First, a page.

6. Review visa requirements.
Always see if you can even enter a country before planning to intern in it. There are different kinds of visas you can travel with for an international internship. You may be traveling on a work visa, or a student visa. When preparing for your internship abroad, find out how much your employer will help you through the process and how much of the work you will do alone. Visit GoAbroad’s Embassy Directory for more information on visa requirements.
7. Weigh the financial implications.
So, your friends already have paid summer jobs lined up. Why would you give up a paid job for an international internship? Because you are still investing in your future. Whether you aim to work abroad forever or to gain new skills in an unfamiliar environment, it’s worth the investment. Money can’t buy the skills that come with working in a different country (with potentially a different language). If money is an issue, look into financial aid opportunities. Your university may even offer summer internship stipends. You could also start a FundMyTravel page to solicit donations. Your loved ones may already be looking for a noble cause to donate to anyway. Take advantage of this, especially if you are looking into internships abroad in social justice or education.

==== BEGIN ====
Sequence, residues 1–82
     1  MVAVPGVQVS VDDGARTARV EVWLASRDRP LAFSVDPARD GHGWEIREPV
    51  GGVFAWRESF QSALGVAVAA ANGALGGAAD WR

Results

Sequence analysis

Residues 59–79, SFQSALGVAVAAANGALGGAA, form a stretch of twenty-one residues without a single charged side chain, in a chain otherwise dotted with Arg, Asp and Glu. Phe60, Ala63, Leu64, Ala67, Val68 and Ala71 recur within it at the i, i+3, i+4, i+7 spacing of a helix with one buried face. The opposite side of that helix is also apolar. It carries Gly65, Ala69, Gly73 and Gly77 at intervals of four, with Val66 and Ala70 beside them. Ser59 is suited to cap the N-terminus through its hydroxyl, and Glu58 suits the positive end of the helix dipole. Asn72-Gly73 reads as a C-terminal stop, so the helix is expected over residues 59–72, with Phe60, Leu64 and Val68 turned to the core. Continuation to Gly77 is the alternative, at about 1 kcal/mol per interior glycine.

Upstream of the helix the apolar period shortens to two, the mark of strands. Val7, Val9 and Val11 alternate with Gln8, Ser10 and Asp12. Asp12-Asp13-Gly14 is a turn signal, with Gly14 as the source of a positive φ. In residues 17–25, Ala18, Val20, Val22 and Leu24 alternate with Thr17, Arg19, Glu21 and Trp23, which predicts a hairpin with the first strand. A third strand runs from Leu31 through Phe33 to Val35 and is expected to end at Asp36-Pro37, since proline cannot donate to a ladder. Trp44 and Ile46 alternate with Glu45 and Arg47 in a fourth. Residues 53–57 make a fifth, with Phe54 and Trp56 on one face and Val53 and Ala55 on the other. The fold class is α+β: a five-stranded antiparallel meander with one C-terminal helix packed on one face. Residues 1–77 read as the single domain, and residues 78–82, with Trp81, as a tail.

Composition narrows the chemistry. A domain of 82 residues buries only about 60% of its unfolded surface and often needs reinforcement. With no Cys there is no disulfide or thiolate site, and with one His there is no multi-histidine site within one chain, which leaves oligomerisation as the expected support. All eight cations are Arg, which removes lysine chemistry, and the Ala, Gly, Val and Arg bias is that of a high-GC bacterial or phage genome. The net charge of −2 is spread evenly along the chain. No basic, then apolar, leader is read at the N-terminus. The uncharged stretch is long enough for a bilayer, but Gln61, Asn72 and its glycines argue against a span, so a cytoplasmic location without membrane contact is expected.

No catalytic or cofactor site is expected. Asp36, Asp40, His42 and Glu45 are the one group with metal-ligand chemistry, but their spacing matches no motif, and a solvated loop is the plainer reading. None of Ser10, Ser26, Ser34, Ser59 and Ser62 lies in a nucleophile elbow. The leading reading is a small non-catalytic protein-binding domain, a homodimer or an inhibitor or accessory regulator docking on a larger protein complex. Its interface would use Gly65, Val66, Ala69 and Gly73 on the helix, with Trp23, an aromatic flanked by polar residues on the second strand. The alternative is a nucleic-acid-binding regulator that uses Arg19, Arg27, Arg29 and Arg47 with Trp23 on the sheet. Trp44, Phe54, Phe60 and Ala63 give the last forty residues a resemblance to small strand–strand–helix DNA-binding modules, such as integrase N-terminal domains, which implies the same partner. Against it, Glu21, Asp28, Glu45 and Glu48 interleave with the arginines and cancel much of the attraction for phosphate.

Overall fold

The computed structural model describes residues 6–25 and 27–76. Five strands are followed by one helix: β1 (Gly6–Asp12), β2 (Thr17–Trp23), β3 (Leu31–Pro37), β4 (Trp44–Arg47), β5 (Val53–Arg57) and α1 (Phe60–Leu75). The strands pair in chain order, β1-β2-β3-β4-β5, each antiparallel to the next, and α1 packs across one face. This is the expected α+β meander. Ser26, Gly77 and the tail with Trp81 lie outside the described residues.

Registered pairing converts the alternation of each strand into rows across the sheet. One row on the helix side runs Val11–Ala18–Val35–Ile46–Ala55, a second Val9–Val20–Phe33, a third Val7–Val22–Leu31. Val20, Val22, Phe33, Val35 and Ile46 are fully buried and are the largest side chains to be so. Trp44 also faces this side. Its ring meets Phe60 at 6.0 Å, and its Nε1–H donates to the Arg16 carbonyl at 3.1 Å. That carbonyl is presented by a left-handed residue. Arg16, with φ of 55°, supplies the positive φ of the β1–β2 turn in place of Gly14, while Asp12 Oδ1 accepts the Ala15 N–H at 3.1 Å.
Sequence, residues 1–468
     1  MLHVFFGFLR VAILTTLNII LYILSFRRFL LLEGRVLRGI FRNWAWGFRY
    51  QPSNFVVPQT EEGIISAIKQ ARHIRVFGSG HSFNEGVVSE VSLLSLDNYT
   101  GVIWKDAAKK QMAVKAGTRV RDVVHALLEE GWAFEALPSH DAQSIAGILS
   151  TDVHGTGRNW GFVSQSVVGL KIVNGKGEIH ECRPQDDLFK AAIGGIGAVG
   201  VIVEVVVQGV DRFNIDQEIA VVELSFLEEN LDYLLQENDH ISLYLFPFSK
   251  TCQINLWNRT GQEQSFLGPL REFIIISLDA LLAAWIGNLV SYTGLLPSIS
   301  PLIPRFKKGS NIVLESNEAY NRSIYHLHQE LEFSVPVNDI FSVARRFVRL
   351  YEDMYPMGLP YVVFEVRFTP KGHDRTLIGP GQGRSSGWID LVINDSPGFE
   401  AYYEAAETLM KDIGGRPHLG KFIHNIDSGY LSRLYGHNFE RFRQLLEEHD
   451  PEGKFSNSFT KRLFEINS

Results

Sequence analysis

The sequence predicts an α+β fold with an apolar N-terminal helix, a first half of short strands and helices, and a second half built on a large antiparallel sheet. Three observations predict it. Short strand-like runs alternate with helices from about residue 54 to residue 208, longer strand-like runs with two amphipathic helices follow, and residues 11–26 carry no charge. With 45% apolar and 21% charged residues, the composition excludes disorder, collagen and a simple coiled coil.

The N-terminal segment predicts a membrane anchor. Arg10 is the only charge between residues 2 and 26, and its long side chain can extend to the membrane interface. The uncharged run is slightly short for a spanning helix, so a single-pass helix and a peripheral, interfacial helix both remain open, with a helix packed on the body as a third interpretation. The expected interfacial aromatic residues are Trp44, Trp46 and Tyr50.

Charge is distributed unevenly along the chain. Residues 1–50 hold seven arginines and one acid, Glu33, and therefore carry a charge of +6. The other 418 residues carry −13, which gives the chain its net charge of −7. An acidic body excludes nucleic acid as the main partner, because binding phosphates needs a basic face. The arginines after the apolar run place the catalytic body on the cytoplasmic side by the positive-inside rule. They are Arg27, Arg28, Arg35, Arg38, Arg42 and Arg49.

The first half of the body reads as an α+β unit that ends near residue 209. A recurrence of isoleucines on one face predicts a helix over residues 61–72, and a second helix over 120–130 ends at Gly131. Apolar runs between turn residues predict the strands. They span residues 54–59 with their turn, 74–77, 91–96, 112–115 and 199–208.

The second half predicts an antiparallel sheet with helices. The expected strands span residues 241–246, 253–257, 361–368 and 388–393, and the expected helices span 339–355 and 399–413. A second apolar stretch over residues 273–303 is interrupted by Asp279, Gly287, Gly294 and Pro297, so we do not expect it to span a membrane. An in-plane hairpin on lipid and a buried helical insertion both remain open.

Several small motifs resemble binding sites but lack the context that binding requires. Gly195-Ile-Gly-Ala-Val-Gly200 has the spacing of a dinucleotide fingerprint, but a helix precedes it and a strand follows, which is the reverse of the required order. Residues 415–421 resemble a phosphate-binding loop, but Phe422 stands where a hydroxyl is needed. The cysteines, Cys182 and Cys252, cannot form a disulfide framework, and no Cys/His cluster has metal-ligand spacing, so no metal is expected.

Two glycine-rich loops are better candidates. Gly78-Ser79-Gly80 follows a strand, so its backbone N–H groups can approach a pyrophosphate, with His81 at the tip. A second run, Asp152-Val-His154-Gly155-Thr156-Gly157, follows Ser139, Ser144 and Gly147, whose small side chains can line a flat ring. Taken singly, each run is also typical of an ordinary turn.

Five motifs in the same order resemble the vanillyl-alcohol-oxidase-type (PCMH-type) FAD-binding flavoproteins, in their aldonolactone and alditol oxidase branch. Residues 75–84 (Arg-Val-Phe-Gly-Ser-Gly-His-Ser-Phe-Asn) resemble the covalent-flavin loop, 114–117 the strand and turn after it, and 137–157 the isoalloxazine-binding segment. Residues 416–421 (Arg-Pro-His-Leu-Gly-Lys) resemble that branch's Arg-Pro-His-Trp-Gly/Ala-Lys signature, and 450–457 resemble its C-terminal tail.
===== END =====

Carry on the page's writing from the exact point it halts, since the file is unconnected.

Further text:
8. Convince your parents this is a good idea.
Your parents just want you to be happy. This can sometimes manifest itself into strange looks from them when you tell them that you want to go to remote Saharan Africa for four years. Then, you could follow up with "Fine, fine. I guess I will just do a short term internship in England this summer instead." If you want a pony, ask for an elephant. There are plenty of honest tactics you can use to persuade your parents to let you go abroad.